Canada Citizenship by Adoption

If you’ve adopted a child from another country outside of Canada, you may be able to apply for them to receive Canadian citizenship.

For more information about Canadian citizenship by adoption, or any other issue surrounding Canadian citizenship or immigration, reach out to one of our immigration lawyers today. Call us on +1 844 290 6312, or contact us online.

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    Overview of Canadian Citizenship by Adoption

    Canadian citizens and permanent residents are able to adopt children from overseas and bring them back to live with them in Canada.

    There are two main parts to this process. The first is the adoption process, where parents undergo complex local and international procedures in order to adopt a child.

    The second is the immigration process or citizenship process, where the child then applies for permanent residence or citizenship.

    Which pathway the child takes depends solely on the immigration status of the parents.

    This article will discuss the steps of the citizenship process, where the child is adopted by one or more Canadian citizens and can therefore also become a Canadian citizen.

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    Who is Eligible for Canadian Citizenship by Adoption?

    In order for an adopted child to be eligible for Canadian citizenship, they must:

    • Not be a Canadian citizen
    • Have at least one adoptive parent who was or is a Canadian citizen at the time of the adoption
      • For adoptions that took place prior to January 1, 1947, the child had to have at least one adoptive parent who became a Canadian citizen on January 1, 1947 (or April 1, 1949, in the case of Newfoundland and Labrador)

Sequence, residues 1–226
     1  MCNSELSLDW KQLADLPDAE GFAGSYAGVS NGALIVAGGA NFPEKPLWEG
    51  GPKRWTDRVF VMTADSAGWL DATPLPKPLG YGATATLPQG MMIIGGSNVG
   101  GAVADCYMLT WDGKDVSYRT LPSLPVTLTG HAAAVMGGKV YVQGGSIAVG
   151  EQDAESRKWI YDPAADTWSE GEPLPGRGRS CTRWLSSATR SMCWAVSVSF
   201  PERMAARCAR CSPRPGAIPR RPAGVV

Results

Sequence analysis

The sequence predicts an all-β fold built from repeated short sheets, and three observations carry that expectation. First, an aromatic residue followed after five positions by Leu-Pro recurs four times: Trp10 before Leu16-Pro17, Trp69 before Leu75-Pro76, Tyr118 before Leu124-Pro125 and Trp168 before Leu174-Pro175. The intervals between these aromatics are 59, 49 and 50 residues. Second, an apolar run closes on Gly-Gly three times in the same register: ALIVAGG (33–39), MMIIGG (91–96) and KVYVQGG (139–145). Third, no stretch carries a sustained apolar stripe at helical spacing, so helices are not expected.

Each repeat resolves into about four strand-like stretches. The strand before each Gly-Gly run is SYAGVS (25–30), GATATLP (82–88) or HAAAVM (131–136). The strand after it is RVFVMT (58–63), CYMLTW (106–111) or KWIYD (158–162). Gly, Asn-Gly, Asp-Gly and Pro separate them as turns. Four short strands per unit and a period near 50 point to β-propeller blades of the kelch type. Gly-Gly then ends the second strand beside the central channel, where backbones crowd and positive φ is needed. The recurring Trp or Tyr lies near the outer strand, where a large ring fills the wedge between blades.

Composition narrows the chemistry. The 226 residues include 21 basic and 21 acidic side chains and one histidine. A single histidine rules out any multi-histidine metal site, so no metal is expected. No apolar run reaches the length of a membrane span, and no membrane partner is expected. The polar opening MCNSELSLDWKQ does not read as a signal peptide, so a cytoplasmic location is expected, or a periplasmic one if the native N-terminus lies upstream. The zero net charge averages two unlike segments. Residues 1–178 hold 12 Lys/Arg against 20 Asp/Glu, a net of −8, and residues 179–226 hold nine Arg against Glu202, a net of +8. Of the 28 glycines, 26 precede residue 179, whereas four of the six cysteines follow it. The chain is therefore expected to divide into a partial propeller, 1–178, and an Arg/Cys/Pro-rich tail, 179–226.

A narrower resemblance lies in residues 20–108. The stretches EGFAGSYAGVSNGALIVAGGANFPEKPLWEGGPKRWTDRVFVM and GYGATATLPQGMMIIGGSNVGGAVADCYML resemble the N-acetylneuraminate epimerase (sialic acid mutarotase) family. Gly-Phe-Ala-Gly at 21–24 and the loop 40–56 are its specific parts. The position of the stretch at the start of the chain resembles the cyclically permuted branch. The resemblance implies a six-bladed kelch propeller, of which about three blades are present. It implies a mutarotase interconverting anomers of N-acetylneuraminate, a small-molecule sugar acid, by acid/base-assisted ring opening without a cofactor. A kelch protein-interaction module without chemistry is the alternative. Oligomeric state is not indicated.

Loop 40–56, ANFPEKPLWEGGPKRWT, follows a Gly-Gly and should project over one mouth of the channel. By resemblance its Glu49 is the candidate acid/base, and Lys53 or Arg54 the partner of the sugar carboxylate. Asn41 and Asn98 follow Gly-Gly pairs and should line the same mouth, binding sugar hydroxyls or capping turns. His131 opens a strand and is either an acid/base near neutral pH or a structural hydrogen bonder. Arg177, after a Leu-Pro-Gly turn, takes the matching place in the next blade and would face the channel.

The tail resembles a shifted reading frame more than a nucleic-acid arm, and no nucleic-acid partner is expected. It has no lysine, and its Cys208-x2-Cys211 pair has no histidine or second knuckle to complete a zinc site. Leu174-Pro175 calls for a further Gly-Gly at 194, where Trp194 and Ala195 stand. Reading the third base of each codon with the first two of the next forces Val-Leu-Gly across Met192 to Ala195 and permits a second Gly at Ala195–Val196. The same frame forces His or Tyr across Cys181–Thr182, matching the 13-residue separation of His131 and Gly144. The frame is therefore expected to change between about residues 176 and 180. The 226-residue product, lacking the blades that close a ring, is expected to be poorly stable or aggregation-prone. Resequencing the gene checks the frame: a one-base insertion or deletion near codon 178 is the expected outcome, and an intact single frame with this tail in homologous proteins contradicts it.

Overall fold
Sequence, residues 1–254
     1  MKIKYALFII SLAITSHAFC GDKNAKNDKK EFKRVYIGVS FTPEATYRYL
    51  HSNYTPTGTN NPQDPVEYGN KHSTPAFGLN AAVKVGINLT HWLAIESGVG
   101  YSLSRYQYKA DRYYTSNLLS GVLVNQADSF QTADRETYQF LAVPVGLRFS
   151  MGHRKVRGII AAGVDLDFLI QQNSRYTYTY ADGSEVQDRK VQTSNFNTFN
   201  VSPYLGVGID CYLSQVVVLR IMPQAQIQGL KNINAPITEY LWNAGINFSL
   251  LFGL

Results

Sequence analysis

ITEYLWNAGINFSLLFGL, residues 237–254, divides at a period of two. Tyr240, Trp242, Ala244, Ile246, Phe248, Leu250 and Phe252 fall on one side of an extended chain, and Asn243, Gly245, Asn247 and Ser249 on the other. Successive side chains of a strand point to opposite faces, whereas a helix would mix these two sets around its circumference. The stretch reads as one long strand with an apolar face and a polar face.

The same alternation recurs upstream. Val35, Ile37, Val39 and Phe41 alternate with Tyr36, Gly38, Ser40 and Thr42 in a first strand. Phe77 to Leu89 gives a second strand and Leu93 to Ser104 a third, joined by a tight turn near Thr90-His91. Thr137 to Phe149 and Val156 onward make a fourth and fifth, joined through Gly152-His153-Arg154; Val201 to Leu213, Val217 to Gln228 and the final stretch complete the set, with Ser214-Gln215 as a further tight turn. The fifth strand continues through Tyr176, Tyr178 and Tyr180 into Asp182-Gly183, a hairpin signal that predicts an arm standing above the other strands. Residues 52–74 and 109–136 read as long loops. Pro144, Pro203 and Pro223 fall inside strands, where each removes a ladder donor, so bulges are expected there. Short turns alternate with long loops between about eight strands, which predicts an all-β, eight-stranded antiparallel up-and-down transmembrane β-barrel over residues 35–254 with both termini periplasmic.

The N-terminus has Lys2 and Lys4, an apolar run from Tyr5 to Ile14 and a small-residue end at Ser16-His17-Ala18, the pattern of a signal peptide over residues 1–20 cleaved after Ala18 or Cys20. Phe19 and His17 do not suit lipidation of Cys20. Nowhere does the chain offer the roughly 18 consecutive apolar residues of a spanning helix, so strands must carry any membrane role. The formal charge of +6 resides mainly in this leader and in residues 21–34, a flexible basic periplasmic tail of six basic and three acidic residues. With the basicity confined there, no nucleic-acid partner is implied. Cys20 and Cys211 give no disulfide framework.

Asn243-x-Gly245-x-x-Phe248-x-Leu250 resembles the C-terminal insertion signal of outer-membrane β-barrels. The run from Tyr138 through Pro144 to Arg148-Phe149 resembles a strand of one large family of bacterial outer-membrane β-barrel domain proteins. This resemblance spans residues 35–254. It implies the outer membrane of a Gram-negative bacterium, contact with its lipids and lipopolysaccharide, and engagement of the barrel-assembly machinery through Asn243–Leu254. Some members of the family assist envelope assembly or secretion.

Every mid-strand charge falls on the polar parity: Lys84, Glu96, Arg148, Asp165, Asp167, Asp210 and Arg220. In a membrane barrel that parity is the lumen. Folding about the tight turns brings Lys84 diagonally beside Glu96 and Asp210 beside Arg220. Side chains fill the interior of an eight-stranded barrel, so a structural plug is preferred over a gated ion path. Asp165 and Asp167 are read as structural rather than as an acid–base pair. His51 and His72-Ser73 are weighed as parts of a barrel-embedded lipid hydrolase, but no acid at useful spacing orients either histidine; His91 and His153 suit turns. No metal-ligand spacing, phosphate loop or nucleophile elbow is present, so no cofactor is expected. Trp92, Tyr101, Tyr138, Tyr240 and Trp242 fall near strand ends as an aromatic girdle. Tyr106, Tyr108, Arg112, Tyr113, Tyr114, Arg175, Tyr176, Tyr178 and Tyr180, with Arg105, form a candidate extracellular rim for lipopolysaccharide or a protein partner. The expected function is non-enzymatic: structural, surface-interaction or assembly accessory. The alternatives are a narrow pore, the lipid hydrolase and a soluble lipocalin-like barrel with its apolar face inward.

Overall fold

• Not be subject to the first generation limit to citizenship by descent (unless exempt)
    • Meet the requirements of the Canadian Citizenship Act

    What Are the Guidelines for International Adoption?

    There are a few important guidelines that govern the viability of citizenship by adoption.

    If the Adopted Child is 18 or Under

    In order for the child to be granted citizenship, all of the following requirements must be met. The adoption must:

    • Be in the best interests of the child
    • Create a genuine relationship of parent and child
    • Be in accordance with the laws of the place where the adoption took place and the laws of the country where the adoptive parents reside
    • Not have been entered into primarily for the purpose of acquiring immigration or citizenship statuses
    • Not have occurred in a manner that circumvented the legal requirement for international adoptions

    If the Adopted Child is 18 or Under

    In order for the child to be granted citizenship, all of the following requirements must be met:

    • A genuine relationship of parent and child between the person and the adoptive parent must have existed before the person attained the age of 18 years and at the time of the adoption
    • The adoption must be in accordance with the laws of the place where the adoption took place and the laws of the country where the adoptive parents reside
    • The adoption must not have been entered into primarily for the purpose of acquiring immigration or citizenship statuses
    • The adoption must not have occurred in a manner that circumvented the legal requirement for international adoptions

    Overview of How to Apply for Citizenship

    There are two parts to the citizenship process for a child adopted by a Canadian citizen.

    The first is establishing that the adoptive parent or parents were or are Canadian citizens at the time of adoption.